Golf Course Management

MAR 2015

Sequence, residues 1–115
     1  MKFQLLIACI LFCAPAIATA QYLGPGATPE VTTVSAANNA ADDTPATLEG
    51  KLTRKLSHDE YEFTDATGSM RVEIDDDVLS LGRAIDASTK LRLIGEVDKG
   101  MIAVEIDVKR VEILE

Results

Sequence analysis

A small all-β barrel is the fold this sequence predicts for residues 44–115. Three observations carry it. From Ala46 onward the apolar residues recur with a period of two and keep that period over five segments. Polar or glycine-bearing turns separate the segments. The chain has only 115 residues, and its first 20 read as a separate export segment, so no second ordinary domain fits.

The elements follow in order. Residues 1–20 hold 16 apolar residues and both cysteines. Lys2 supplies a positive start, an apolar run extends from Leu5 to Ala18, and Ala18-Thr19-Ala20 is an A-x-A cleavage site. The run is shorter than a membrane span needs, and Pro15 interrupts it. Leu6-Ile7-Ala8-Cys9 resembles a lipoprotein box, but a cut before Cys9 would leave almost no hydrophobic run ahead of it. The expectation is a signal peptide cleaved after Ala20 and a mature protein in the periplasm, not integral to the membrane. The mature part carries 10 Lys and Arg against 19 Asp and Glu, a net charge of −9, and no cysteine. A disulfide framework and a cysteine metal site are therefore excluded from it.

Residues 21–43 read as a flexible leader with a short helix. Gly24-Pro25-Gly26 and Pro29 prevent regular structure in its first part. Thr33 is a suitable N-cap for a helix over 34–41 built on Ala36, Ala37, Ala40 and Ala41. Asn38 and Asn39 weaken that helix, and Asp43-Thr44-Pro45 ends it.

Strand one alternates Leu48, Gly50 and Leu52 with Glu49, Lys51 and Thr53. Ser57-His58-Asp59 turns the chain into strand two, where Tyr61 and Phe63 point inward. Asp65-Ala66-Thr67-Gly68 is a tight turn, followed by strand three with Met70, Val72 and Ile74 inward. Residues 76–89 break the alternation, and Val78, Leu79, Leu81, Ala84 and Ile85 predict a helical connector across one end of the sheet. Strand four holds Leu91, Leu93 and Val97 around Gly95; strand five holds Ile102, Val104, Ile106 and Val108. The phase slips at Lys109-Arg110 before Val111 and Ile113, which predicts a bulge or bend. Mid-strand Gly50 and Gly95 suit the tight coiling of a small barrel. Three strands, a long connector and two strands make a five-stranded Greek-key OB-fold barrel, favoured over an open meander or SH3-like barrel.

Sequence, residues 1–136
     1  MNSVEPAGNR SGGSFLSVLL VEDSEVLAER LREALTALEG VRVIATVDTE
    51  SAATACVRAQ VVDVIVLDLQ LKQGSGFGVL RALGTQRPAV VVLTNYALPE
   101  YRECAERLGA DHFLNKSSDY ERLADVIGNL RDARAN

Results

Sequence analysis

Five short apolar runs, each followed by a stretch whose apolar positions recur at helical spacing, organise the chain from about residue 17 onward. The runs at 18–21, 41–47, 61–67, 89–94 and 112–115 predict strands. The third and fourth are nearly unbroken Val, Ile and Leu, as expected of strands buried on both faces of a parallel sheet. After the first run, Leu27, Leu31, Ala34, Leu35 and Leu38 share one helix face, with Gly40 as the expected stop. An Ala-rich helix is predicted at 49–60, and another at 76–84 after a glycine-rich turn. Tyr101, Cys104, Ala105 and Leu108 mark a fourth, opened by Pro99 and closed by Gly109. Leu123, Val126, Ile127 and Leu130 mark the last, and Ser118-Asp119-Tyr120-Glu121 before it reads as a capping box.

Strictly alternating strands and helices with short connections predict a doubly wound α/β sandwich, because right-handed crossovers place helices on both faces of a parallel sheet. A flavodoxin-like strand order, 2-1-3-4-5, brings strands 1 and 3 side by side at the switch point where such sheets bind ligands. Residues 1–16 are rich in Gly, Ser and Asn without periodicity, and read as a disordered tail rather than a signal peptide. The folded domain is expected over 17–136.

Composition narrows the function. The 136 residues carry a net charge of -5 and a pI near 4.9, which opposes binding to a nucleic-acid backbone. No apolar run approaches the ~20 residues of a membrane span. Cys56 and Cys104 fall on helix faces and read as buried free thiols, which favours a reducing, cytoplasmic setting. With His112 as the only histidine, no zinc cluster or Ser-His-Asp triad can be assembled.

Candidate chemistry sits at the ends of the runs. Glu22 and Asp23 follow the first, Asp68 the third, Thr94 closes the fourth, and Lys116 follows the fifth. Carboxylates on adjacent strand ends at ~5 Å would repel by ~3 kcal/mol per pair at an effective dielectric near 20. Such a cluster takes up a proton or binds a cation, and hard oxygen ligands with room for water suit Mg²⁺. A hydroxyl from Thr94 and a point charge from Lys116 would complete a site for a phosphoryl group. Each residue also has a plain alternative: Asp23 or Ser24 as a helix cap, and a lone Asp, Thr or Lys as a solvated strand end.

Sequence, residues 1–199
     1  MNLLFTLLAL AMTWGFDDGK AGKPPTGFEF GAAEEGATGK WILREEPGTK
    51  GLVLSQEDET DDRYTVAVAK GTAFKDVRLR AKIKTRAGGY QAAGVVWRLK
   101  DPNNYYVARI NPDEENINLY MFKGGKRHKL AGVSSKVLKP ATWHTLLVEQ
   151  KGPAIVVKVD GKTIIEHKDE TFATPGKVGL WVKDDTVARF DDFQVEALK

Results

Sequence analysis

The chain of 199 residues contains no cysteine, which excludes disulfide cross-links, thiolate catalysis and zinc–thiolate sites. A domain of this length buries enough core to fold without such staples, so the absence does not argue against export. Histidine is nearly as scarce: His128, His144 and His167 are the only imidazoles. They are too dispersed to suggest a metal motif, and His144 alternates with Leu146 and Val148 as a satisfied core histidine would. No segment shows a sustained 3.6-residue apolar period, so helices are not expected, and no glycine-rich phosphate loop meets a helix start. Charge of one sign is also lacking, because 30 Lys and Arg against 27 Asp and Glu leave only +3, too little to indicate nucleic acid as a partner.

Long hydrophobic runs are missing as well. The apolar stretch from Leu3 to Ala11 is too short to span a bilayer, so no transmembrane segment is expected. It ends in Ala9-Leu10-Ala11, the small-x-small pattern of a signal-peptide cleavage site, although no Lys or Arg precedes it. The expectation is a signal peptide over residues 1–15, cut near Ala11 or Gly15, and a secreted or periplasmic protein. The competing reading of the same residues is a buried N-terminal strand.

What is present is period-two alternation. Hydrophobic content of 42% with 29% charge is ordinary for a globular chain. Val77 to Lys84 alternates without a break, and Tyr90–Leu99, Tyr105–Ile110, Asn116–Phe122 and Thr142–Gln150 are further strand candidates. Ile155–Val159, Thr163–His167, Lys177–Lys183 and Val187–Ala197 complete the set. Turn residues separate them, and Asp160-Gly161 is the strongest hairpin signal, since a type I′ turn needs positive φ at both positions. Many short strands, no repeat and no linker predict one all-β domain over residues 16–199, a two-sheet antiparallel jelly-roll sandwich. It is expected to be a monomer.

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03.15 GOLF COURSE MANAGEMENT 93 Ammonia volatilization losses from fertilized turfgrass as affected by nitrogen source Elizabeth Guertal, Ph.D. The loss of nitrogen to the air as ammonia gas (via urease activity) can be a substantial pathway of nitrogen loss, especially if urea is applied to the surface without further incor - poration. The objective of this work was to examine ammonia loss as affected by nitrogen sources, some of which contain various vola - tilization inhibitors (urease inhibitors). Our ammonia volatilization experiment consisted of three separate experiments, all using a standard laboratory bench procedure for the evaluation of nitrogen loss via volatil - ization. Treatments were: (1) granular urea, (2) urea + Ca-Aminoethylpiperazine (Ca- AP)/Ca-Heterpolysaccharides, (3) urea with maleic-itaconic copolymer (Mal-IcoP), and (4) urea with N-(n-butyl) thiophosphoric tri - amide (NBPT). All inhibitors were applied at labeled rates. All fertilizers were applied as granular products to the turf surface at a rate of 1 pound nitrogen/1,000 square feet (4.88 grams/square meter) to tall fescue, with no additional water applied after application. The underlying soil was a loamy sand with a soil pH of 6.2. The volatilization system that was used for all experiments consisted of a series of 16 2-liter glass canning jars, all attached to an air source via a 16-outlet manifold. A plug of turf was placed in each jar, the jar sealed, and air was allowed to fow along the top of the turf in each jar. This method collected ammonia via an ammonia trap system. Air fow was generated by passing 100 milliliters/ minute air stream through a 5N sulfuric acid air scrubber and across each jar, with resul - tant NH 3 trapped in 100 milliliters of 0.01 nitrogen boric acid. The boric acid trap was changed every other day for 11 days, with collected samples titrated to the original pH of the boric acid using 0.01 nitrogen sulfu - ric acid to determine ammonia collected. For each experiment, there were three replicates for each nitrogen source. Each experiment was conducted for 11 days. The fgure below is the average of all three experiments. The only nitrogen source with a volatil - ization inhibitor that signifcantly reduced ammonia loss (as compared to the urea-only control) was the urea that contained the ure - ase inhibitor N-(n-butyl) thiophosphoric tri- amide. Materials with other volatilization in- hibitors did not reduce volatilized ammonia as compared to the urea treatment. Maximum volatilization always occurred by day 3 of the study and had largely reduced to nonmeasur - able levels by 11 days after fertilization. These are very typical responses, and the amount of volatilization and the time over which it oc - curred are similar to those measured in dozens of other volatilization experiments conducted in our laboratory. Typical nitrogen losses from urea applied to the surface were around 20% of nitrogen applied. This was reduced to around 10% of nitrogen applied when the urease inhibitor N-(n-butyl) thiophosphoric triamide was added to the urea. (Report) In addition to urease inhibitors, methods for reducing volatilization losses of nitrogen can include the use of other nitrogen sources that do not contain urea, slow-release nitrogen sources, foliar fertilization or simply applying water to move urea farther into the soil, away from a zone of high urease activity. Prelimi - nary work at Auburn has shown that applica- tion of 1 ⁄8 to ¼ inch (0.3175 to 0.635 centime- ters) of irrigation following urea fertilization will reduce volatilization losses. Beth Guertal, Ph.D. (guertea@auburn.edu), is a professor in crop, soil and environmental sciences at Auburn Univer - sity in Auburn, Ala. Volatilization N loss from fertilized tall fescue Figure 1. Cumulative ammonia loss from tall fescue as affected by various ammonia volatilization inhibitors in a laboratory study. 0 5 10 15 20 25 0 5 10 15 20 25 1 3 5 7 9 11 Days after initial fertilization Nitrogen loss (% of nitrogen applied) Urea Urea + Ca-AP Urea + Mal-IcoP Urea + NBPT

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